• Multitasking.
  • Doing things last minute.
  • Not knowing what to do next.

All three of these can be dealt with simply.

First, we advised James to use the Pomodoro technique, which AE Thanh has covered extensively here.

Next, we discovered that one of the sources of James’ not knowing what to do next was having his apartment in a mess – with loose papers and items everywhere. We advised him to sort, organize and throw out.

We also offered him a definition for strategic (creative) procrastination – for doing other things that need to be done while procrastinating about the task at hand.

James also had an issue with perfectionism – something that we don’t really consider a “bad habit” as such, but can be considered problematic in particular contexts. We helped him to understand that there is such a thing as “good enough” and that “perfect” was a subjective construct of his own mind, which in turn would have been heavily influenced by societal definitions. We also advised him to read up on boundaries, and to work out where the boundaries of his responsibility lay – and to learn to say no when something was beyond them.

Rituals, Routines and Downtime

James felt like he didn’t have enough downtime, mainly because he was classifying most of his activities, those that others would consider relaxing, as “work”.

For example:

  • Playing guitar.
  • Going to the gym.
  • Long-distance running.

We advised him to start using his “in between” time as downtime – that time spent between college classes or between sport activities.

James’ Morning Ritual

  1. Wake up.
  2. Drink 500mL of water.
  3. Use bathroom.
  4. Review goals for day.
  5. 5 minute visualization.
  6. Exercise – ab exercises and pushups.
  7. Check email, facebook and phone.
  8. Eat breakfast.
  9. Get dressed.
  10. Start of the day.

James’ Evening Ritual

  1. Exercise – ab exercises and pushups.
  2. Shower.
  3. Reading (optional).
  4. 30 minutes of visualization for skill acquisition.
  5. Quick journal entry.
  6. Sleep.

Efficiency System

As mentioned, James had no organization system and didn’t really want one. We advised that he sign up for a Google personal account and start to use the tools in there to help organize his life. Namely:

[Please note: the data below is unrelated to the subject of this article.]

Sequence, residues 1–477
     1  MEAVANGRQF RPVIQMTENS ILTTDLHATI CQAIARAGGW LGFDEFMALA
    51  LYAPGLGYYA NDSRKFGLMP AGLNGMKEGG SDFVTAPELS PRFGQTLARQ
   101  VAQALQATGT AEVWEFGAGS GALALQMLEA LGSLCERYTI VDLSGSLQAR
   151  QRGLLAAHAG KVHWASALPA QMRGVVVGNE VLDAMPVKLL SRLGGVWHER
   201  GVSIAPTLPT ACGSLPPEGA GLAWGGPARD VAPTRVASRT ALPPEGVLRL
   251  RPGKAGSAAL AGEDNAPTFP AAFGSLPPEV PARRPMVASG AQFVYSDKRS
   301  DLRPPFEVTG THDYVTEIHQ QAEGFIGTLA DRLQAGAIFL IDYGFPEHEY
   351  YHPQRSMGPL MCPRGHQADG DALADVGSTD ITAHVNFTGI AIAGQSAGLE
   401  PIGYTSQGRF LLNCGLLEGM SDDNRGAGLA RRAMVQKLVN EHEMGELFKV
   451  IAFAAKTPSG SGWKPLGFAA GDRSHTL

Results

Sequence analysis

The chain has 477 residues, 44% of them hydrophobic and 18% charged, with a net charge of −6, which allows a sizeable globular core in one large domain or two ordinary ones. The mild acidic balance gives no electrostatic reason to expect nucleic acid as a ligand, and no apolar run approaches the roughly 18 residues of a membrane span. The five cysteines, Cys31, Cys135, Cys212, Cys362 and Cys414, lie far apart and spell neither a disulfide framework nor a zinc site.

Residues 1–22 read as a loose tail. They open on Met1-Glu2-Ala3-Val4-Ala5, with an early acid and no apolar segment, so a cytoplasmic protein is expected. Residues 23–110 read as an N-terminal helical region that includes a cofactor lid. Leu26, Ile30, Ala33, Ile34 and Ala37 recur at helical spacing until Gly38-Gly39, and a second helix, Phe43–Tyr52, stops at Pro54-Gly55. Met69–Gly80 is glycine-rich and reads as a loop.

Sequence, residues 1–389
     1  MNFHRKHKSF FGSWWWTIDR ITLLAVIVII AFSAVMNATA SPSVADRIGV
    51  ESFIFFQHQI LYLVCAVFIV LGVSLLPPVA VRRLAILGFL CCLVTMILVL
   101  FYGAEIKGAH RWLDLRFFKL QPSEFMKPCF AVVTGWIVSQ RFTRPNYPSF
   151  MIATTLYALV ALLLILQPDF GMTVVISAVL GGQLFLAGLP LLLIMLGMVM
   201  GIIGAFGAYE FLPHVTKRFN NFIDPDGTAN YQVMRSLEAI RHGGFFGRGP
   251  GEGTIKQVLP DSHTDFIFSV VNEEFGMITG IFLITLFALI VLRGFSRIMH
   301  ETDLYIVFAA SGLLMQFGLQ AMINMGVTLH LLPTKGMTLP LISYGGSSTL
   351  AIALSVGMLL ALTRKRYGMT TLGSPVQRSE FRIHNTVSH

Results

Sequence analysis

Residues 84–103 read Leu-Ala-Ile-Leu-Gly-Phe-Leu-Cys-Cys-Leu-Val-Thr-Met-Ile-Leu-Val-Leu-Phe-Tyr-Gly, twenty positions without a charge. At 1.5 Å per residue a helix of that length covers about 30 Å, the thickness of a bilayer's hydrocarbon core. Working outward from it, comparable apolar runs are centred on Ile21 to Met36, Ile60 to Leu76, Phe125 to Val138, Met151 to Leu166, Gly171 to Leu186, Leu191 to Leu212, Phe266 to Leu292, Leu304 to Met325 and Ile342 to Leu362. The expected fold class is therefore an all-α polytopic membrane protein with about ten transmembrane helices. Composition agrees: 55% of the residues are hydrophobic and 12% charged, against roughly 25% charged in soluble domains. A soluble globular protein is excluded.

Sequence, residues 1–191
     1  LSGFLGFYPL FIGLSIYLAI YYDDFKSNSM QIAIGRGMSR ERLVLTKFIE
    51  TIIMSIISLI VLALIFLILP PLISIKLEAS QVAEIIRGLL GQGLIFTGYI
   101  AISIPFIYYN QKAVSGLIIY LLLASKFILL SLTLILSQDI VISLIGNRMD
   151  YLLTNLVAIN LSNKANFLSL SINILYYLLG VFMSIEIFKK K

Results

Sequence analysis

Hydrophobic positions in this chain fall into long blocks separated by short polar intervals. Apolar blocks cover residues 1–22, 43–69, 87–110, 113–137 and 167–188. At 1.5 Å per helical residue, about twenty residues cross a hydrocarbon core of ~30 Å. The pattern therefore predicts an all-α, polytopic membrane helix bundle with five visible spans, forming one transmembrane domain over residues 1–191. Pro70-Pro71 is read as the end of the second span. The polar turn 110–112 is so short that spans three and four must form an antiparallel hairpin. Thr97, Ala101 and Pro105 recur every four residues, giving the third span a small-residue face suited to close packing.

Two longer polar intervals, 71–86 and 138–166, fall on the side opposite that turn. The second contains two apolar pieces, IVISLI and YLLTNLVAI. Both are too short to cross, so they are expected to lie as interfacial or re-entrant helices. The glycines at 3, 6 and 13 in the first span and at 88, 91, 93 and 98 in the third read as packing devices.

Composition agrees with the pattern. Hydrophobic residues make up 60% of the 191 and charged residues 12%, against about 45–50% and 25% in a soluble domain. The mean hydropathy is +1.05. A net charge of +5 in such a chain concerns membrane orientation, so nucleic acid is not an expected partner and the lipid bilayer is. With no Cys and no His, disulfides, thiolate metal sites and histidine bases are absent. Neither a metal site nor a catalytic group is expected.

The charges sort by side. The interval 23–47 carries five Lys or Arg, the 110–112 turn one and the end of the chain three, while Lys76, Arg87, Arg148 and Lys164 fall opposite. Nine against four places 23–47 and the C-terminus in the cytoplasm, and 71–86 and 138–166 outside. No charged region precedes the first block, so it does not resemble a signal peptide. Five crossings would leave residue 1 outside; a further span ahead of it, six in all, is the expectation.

• Google Calendar for schedule management.
  • Gmail for email and contacts.
  • Google Docs for a journal and simple paper-based task management.

In Closing

The important thing for James was realizing that there is an opportunity cost to pursuing activities – leisure time, sleep, and other activities.

Photo By: Luis Hernandez

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Thanh Pham

Founder of Asian Efficiency where we help people become more productive at work and in life. I've been featured on Forbes, Fast Company, and The Globe & Mail as a productivity thought leader. At AE I'm responsible for leading teams and executing our vision to assist people all over the world live their best life possible.

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  1. These case studies are awesome and give perspective on how different people can utilize different tools in order to get more productive.

    This is shining example how free tools can make a huge leverage. I am that person in mid 20ies, and I find Google productivity tools quite awesome with low or no entry barrier. I am eagerly awaiting for Google revamp of Tasks.

    I wrote a few good tips on Google Calendar: https://alphaefficiency.com/google-calendar-tips/

    And Google tasks: https://alphaefficiency.com/google-tasks/

    Hope this helps.